Is chai tea good as a sore throat remedy?
In some cases, the caffeine in chai tea blends may cause irritation, but in general, any warm liquid will help soothe a sore throat. Most chai blends contain some of the herbs recommended above that help fight colds and flu.
If you need more rest, opt for non-caffeinated herbal tea blends instead.
Herbal Sore Throat Tea Blend
This herbal sore throat tea from the Herbal Academy brings together:
- sage (an antihistamine)
- licorice root or slippery elm (to coat and soothe)
- cinnamon (antiviral, antibacterial)
- ginger (warming and boosts the immune system)
Add some lemon and honey and a sprinkle of cayenne pepper for extra “oomph”! This tea opens airways and reduces sinus drainage without the pharmaceutical side effects.
Herbal Sore Throat Tea Ingredients
- 1 part sage leaf
- ½ part licorice root or slippery elm
- ¼ part cinnamon chips
- ¼ part ginger root
For instance, combine 1/4 cup sage leaf, 2 tablespoons slippery elm, and one tablespoon each cinnamon chips and ginger root. Increase amounts for a larger batch.
- Combine herbs in a bowl and store in a sealed container when not in use.
- To Make a Medicinal Infusion – In a glass quart jar, pour boiling water over 4-6 Tablespoons herbal tea, filling the jar to the top. (For one cup of tea, use 1 tablespoon of herb mix.)
- Allow to steep, covered, for at least 15 minutes.
- Strain the herbs and enjoy! Breathing the vapors of your tea is encouraged to maximize the benefits.
- You can refrigerate any excess infusion and heat it up to drink later.
#7 – Garlic
Garlic has antiviral and antibacterial properties, so it fights against many types of sore throat causes. The pungent smell of garlic comes from the sulfur rich compounds that it contains, including allicin and alliin. Cooking makes these compounds less effective, so raw is the way to go.
Crushing or chopping the garlic and letting it sit before use will help to produce more of the helpful sulfur compounds. Let sit at least fifteen minutes, but consume within an hour of crushing/chopping.
To make your raw garlic a little easier to swallow, you can mix it with some honey and lemon, add it to your herbal tea of choice, or steep it in hot water to make a simple garlic tea.
Foods that Help Sore Throat
To help soothe your sore throat, look for foods that have a smooth texture and are nutrient dense. If you can include immune boosting herbs, so much the better. Garlic, honey, cayenne, and the herbs in the tea section are welcome ingredients.
Hot or warm foods relax the throat, cool or cold foods may help numb it. Many guides recommend dairy products, but these may increase congestion, so keep that in mind at meal time.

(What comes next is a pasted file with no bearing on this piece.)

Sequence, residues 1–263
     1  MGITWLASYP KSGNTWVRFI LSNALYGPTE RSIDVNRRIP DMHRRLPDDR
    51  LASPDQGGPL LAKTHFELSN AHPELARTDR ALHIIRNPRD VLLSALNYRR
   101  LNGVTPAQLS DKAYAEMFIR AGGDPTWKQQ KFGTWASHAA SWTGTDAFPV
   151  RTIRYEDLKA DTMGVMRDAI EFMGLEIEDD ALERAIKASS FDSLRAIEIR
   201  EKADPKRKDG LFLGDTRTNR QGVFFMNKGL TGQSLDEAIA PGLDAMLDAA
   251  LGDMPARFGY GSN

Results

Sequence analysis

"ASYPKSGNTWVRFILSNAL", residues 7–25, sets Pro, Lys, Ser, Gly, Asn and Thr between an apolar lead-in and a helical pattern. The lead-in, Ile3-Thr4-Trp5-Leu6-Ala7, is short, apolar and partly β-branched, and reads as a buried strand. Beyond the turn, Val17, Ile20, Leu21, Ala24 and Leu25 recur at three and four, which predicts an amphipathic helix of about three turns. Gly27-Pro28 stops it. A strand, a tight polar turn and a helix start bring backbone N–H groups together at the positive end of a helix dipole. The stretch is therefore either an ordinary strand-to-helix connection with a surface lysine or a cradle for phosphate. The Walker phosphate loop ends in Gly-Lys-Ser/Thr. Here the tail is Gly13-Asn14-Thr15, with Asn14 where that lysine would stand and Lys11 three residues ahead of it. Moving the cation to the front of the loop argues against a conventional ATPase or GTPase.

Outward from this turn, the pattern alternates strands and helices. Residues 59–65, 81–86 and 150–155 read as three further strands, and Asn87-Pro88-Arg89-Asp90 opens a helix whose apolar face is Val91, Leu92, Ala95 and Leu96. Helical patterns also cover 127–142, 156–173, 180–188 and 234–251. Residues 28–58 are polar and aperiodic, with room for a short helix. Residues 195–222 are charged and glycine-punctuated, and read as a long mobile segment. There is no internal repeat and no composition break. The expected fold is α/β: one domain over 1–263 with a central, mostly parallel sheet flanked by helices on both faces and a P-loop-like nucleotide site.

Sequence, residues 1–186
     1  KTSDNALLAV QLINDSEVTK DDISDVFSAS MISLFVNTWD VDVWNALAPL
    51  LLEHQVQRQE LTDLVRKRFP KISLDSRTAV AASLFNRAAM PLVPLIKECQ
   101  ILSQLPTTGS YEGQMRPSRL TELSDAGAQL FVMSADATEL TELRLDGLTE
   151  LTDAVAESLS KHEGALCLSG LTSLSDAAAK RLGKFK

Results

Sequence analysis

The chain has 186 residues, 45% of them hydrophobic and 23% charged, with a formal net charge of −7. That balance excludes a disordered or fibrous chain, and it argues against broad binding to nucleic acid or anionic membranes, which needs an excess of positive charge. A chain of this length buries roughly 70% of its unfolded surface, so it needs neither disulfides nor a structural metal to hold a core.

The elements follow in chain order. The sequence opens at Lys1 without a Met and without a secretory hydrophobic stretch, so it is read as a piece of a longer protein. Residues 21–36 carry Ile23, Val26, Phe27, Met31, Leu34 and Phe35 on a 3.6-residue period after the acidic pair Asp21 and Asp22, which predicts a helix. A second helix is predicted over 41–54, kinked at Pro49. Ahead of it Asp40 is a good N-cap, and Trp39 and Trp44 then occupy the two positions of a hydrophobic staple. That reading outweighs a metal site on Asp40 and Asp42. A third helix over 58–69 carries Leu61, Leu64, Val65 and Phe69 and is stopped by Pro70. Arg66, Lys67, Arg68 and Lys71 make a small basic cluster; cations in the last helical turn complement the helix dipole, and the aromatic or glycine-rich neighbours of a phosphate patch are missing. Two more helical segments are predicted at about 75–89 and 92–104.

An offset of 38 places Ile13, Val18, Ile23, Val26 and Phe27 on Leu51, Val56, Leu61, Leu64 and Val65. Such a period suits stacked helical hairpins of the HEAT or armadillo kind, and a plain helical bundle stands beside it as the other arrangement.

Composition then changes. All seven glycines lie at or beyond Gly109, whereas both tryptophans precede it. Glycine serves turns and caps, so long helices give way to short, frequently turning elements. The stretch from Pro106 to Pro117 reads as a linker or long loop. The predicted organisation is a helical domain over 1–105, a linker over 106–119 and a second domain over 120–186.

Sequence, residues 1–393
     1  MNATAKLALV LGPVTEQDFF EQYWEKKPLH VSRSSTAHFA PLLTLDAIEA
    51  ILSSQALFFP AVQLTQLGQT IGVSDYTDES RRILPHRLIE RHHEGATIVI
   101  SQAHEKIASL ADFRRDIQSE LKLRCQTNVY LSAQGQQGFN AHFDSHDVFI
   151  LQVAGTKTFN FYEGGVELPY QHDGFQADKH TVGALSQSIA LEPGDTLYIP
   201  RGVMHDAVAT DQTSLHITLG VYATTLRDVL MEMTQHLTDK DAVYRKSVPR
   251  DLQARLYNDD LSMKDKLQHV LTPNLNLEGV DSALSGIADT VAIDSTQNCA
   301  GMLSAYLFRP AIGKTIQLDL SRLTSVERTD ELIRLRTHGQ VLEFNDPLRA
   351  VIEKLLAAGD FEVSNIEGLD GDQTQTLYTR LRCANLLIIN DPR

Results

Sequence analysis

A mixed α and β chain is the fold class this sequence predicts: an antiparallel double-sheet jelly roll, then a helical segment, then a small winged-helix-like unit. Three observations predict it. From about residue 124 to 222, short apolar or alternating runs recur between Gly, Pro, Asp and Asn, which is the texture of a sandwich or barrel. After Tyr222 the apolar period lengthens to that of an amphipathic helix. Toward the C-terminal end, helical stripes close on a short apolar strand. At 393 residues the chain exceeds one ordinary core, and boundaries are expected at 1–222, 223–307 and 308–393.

Some of our go to foods include:
- Homemade soup with plenty of broth
- Gently cooked eggs
- Oatmeal or other hot cereal
- Finger “Jello” with immune boosting herbs
- Fruit juice popsicles
- Smoothies, applesauce, bananas
Avoid scratchy foods, excess caffeine, and high acidity tomato products.
More Tips for Cold and Flu Season
If you're sick, or want to avoid getting sick, you may find our Cold and Flu Care series useful. It includes over 10 articles on prevention and treatment of cold and flu symptoms.
What's your favorite sore throat remedy? Leave a comment below to share your thoughts.
Originally published in 2015, last updated in 2022.
Laurie, these are great natural remedies for sore throats! I am pinning and sharing. You rock! Linda
Thanks, Linda. I’ve been working my way through them this week, as the cold dry air is making my throat all scratchy.
This couldnt have come at a more perfect time. I just woke up with a scratchy throat and found this post on my inbox! Thank you for taking the time out of your day to write this up.
You’re welcome, Kayla. Mine has been scratchy this week, too, but it’s better today – and I think we may see temps in the double digits above zero!
My go-to for when I feel like I’m getting sick is to immediately take vitamin C and zinc. Every hour, if necessary. I take it in water that I put echinacea tincture in. I then take a shot of either my homemade Fire Cider (find the recipe from Rosemary Gladstar on Mountain Rose Herbs blog) or my homemade elderberry syrup.
When a co worker got back from a cross-country flight and was instructed to work with a 103* fever, I also added ONE drop of oil of Oregano to all water I drank.